I was fortunate last night to have the care, concern, and support of far flung friends, without whom I am certain I would not have been able to settle down, think, and go for the peppermint tea and Oreos (an excellent post-panic attack remedy, incidentally). As Anne Lamott has noted about herself, one of my most common prayers is “thank you, thank you, thank you” (the other being “help me, help me, help me”—there were plenty of both last night). I sent up the flag online that I had triggered, and I want to thank, again, Hooch, Soonie, Z, and Blue, as well as Rip, Avarweth, and Silly (I love handles, don’t you?) for jumping in immediately to console and advise and commiserate. And a thank you, too, to rhyte, who saw my remark, recognized it for what it was, and sent excellent reminders to help calm the anxiety, including a favorite duffism: “Be Still and Pray.” What a fabulous group of women you are; thank you, thank you, thank you.

So, my mantra for the week (typed weeks at first, but rhyte is right (*grin*) with her other reminders to take life in small chunks) to come will simply be that duffism: Be still and pray. The aftershocks are still here, though they are faded to the point that they are noticable to no one but me. I wish you all well, whereever and whoever you all. Be still. Be calm. Reach out–>you are not alone.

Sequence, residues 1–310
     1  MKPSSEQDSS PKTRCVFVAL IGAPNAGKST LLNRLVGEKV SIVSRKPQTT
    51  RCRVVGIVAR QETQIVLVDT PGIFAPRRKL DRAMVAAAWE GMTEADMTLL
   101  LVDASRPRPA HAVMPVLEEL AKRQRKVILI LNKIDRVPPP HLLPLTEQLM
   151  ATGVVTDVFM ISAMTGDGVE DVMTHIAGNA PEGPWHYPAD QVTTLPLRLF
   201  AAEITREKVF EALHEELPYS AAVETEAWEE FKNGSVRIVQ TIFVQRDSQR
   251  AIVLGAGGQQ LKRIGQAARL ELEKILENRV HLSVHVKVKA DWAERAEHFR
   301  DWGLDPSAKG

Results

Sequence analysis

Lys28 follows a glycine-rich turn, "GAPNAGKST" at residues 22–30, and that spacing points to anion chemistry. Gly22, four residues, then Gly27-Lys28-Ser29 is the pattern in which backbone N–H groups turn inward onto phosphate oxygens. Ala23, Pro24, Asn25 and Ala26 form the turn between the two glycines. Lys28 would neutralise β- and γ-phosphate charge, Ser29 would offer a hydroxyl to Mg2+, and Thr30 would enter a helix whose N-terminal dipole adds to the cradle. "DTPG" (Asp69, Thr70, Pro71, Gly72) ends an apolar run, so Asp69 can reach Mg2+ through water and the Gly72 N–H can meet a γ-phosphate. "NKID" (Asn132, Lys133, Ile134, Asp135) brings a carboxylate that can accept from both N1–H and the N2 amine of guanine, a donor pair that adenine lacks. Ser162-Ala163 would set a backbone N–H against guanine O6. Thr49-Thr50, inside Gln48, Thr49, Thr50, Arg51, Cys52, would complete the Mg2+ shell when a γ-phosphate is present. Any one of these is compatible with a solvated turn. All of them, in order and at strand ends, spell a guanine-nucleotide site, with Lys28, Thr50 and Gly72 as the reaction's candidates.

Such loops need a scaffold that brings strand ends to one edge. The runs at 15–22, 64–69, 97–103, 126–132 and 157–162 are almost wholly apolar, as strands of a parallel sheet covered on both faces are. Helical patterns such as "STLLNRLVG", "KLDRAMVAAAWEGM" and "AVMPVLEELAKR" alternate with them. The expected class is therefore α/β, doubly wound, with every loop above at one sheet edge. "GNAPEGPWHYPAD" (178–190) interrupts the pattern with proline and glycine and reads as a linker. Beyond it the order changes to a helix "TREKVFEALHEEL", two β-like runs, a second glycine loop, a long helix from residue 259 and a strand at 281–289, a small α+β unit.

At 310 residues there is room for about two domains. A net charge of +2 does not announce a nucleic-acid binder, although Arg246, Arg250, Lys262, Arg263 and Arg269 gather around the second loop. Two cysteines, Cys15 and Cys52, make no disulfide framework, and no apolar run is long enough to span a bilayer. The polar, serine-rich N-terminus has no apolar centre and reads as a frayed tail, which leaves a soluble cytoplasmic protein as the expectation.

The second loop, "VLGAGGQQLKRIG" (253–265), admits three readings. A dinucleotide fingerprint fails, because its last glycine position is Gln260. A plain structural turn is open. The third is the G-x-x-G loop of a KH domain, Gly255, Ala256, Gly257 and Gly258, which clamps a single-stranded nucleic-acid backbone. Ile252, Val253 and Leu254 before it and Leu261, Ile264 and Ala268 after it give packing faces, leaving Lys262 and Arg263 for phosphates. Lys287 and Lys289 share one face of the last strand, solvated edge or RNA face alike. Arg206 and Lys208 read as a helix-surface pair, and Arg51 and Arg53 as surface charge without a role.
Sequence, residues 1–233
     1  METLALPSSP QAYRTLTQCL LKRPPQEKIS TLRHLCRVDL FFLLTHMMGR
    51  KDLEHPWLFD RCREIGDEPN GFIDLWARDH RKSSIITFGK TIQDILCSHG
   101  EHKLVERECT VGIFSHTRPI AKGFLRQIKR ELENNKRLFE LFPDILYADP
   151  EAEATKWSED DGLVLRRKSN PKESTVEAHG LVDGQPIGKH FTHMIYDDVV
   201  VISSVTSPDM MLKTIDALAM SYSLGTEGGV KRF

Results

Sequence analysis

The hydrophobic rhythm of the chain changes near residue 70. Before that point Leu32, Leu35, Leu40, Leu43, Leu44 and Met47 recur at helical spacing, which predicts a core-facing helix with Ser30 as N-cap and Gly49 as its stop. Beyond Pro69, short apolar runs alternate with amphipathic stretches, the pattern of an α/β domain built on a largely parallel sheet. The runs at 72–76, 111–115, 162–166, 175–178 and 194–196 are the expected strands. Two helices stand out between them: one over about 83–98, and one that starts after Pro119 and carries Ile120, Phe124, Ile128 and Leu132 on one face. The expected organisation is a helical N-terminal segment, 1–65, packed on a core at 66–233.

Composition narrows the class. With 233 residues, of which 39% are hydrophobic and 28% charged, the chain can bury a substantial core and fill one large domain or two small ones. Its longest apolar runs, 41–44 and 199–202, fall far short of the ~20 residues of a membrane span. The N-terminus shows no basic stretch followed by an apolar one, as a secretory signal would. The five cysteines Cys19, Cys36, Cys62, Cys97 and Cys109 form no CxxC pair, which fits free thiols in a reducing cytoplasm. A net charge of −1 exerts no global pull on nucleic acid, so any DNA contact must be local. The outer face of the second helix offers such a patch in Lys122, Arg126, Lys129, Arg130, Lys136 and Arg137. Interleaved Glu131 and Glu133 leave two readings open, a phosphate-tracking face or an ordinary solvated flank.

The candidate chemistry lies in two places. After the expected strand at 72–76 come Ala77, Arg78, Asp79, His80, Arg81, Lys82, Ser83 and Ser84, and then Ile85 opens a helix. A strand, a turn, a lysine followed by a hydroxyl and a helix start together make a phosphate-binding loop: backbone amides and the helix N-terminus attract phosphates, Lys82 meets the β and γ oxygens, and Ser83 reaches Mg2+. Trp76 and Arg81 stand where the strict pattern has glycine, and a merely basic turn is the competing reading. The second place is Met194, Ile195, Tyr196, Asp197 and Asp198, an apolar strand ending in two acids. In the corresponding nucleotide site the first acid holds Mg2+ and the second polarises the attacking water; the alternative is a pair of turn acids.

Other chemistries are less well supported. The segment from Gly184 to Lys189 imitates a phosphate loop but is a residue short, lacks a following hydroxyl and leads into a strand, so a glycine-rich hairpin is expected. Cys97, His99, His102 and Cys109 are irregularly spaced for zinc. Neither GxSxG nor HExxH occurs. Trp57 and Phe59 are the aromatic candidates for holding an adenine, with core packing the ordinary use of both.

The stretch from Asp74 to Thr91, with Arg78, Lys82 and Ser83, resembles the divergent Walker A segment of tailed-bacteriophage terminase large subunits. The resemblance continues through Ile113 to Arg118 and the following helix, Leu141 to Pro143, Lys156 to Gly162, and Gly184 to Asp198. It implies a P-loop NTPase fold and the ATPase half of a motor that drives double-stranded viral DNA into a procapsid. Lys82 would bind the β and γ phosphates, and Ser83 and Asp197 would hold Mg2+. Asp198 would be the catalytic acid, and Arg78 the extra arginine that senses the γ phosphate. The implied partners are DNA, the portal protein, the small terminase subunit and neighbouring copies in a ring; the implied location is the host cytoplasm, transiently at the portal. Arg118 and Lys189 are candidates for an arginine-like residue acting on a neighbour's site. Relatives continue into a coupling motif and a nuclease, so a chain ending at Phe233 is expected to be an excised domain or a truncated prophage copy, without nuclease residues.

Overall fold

*A clarification of terminology: in these pages, I tend to use alcoholic and addict somewhat interchangeably, though, in the main, the former refers to alcoholism (duh) and the latter to drug addiction. I do this as a reminder to myself–in order to be honest with myself, really. Alcohol was my primary drug of choice, but I craved depressants & opiates of any variation–I maintained a profoundly tight grip on my pill popping desires (because, you know, THAT is sign of a “real” problem <–note sarcasm) to the extent that I don't take anything–even Motrin, very often (and I never take acetaminophen, because it knocks me right the fuck out. Seriously. Give me a bottle of Jameson, and I am the life of the party. Tylenol in any amount–out for hours). I've popped depressants from time to time, stayed away from the drug of my dreams–heroin (along with most other opiates)–because I knew even without taking it I'd sell my soul for a good nod. I'm all about shutting the brain down, so cocaine and speed never interested me, nor anything else (uh, well, except Sir Caffeine) that would replicate my "up" moods.